After the surgery, you will no longer have a uterus. Because of this, you will not have a period, and you will not be able to have children. You will also have a scar on your abdomen. The size and shape of the scar is different for each type of hysterectomy. You should ask your doctor about what kind of scar you will have.
In most cases, if your ovaries are not taken out, they will keep on making hormones. Later in life, you will probably have a normal menopause. Menopause is a change you normally go through when your ovaries make less hormones. Some patients may have symptoms of menopause even if the ovaries have not been taken out. This happens because, after surgery, the ovaries may stop making hormones for a short time. They will usually start making hormones again in about 3-6 months. Some women might use some kind of hormone therapy during this time, if their doctor prescribes it.
Sometimes, the ovaries will not make hormones again. This means your body will stay in menopause. Although, this does not happen very often.
If your ovaries are taken out, your body will go into menopause, even if you are young. You won't have periods and you may have the usual symptoms of menopause, such as hot flashes or getting sweaty while you are sleeping. Without the hormones from the ovaries you are also at risk for other health problems. Please talk to your doctor about them.
Hormone replacement therapy is one way to help relieve the symptoms of menopause and make you more comfortable. You can take hormones by mouth, by a skin patch, or by a shot. Ask your doctor if you are interested in learning more about this.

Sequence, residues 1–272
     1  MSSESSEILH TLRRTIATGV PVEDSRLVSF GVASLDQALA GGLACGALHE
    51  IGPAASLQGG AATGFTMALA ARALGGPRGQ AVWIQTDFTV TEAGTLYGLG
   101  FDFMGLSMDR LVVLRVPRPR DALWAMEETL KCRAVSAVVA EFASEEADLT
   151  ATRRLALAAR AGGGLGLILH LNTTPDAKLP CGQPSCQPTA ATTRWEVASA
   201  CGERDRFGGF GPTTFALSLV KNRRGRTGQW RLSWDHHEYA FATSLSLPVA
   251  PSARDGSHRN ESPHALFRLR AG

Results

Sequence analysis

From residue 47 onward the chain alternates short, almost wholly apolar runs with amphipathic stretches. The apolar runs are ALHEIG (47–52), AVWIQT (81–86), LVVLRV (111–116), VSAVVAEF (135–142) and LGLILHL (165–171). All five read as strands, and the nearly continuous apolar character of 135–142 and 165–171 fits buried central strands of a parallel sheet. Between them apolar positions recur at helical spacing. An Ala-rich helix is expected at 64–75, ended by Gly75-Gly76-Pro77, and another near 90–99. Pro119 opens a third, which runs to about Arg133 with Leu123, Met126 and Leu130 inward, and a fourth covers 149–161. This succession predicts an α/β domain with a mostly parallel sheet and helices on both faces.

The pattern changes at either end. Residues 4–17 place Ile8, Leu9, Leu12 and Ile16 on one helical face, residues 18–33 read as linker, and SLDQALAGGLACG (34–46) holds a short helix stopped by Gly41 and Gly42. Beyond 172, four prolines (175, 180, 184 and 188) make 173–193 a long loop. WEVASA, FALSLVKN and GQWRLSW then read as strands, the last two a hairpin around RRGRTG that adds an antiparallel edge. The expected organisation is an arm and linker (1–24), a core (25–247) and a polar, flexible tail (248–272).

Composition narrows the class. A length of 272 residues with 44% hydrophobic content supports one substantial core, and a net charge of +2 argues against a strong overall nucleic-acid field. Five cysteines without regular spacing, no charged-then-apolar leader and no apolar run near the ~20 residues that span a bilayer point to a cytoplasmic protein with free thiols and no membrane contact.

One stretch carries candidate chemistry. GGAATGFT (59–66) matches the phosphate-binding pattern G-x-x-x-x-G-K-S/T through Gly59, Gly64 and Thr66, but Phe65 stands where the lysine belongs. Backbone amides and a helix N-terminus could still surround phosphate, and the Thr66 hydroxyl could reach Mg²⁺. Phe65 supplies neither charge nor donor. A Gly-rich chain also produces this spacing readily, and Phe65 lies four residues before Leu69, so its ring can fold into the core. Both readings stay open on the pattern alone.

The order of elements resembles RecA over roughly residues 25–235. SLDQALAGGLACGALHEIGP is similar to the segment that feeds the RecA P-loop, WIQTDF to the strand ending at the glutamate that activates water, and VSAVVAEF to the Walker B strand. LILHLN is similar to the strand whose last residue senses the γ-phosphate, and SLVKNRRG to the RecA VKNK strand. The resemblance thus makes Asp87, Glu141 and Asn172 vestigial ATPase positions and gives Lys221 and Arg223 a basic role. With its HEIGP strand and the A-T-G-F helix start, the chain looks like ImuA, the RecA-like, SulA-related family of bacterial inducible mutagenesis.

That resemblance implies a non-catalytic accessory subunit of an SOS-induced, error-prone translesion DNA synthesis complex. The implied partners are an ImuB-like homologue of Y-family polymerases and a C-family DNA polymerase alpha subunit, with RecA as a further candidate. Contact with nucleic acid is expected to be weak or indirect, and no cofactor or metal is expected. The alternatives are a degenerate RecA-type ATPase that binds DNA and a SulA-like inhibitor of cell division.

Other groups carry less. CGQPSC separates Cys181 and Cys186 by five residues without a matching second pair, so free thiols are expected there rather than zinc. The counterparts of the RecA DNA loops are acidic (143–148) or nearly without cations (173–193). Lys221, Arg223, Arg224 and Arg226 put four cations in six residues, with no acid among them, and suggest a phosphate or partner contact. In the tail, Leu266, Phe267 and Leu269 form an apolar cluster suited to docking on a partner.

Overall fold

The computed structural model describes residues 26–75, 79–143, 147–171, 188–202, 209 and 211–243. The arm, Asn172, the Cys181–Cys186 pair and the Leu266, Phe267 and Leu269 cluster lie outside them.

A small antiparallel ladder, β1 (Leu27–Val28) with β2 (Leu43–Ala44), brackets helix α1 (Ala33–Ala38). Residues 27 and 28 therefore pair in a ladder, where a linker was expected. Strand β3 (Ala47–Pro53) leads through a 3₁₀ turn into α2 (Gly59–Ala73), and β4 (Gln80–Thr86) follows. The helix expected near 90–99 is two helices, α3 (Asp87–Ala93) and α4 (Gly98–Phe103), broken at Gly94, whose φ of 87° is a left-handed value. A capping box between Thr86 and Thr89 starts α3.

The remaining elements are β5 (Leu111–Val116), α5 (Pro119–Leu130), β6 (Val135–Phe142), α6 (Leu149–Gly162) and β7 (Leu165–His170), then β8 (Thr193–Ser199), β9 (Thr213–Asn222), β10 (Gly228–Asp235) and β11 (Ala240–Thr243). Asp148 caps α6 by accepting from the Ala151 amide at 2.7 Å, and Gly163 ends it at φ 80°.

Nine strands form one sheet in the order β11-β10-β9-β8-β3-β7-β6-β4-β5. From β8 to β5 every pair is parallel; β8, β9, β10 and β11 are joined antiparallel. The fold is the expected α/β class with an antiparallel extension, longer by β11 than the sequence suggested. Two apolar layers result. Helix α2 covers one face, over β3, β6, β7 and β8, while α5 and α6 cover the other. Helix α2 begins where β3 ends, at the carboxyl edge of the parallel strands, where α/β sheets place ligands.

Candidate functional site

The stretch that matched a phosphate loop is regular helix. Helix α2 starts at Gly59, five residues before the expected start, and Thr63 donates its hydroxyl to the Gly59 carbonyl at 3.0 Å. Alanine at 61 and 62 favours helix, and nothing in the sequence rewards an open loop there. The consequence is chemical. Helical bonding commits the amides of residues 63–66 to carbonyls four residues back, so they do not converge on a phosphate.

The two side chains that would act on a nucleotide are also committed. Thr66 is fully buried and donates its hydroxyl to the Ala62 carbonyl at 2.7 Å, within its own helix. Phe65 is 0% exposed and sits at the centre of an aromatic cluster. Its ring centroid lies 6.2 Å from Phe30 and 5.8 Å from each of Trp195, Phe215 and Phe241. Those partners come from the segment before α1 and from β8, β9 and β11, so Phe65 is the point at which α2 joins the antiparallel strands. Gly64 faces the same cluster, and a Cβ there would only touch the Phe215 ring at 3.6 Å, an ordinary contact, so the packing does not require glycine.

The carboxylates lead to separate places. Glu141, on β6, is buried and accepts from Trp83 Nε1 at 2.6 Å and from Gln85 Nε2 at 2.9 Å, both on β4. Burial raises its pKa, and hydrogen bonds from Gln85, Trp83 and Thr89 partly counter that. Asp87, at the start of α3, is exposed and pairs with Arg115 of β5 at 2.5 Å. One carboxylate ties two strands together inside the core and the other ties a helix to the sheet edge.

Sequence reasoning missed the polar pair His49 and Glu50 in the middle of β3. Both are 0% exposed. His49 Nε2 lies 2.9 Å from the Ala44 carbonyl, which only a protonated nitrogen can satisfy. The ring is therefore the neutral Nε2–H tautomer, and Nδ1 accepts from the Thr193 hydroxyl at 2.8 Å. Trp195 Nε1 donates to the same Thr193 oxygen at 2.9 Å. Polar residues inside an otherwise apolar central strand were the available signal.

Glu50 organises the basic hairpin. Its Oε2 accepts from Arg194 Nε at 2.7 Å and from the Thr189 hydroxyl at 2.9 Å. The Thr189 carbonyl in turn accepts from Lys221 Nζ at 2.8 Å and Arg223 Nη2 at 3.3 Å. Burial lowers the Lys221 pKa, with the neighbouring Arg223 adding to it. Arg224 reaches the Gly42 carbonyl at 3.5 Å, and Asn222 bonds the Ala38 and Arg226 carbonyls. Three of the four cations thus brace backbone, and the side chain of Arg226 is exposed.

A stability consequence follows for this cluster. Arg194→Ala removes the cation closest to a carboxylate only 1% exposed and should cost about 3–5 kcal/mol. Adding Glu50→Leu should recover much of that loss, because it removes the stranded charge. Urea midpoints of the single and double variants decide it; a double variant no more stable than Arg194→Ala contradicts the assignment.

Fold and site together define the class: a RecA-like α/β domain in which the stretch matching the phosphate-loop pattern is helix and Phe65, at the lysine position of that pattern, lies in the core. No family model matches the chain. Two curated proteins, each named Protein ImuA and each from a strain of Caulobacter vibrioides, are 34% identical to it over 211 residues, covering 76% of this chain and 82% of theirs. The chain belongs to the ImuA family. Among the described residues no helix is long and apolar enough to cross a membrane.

Sometimes women get depressed after this surgery. Many women feel depressed because they can't have children anymore. If this happens, talk to your doctor about it. Prepare yourself by talking about it with your doctor and your family. You should also learn about the surgery as much as possible and try to have the surgery at a stable time in your life so you can concentrate on healing. If you are having the surgery to fix a problem, remember that the surgery might not fix it completely.
You might find that sex is different after the surgery. Sometimes your vagina may be dry. Medicine and lubricants can help with the dryness. Sometimes you might be worried or scared about having sex. Again, try to be gentle with yourself. Most women also get their normal sex drive back in a short period of time.
If the surgery made your vagina shorter, you will need to talk with the doctor or nurse about the most comfortable way to have sex. Over time the vagina will go back to its normal length. Having intercourse regularly and taking estrogen can help this along. Some women have trouble with orgasm after the surgery. Usually this does not last long.
If you have questions or concerns please talk to your doctor. It is important that your expectations about the surgery match your doctor's.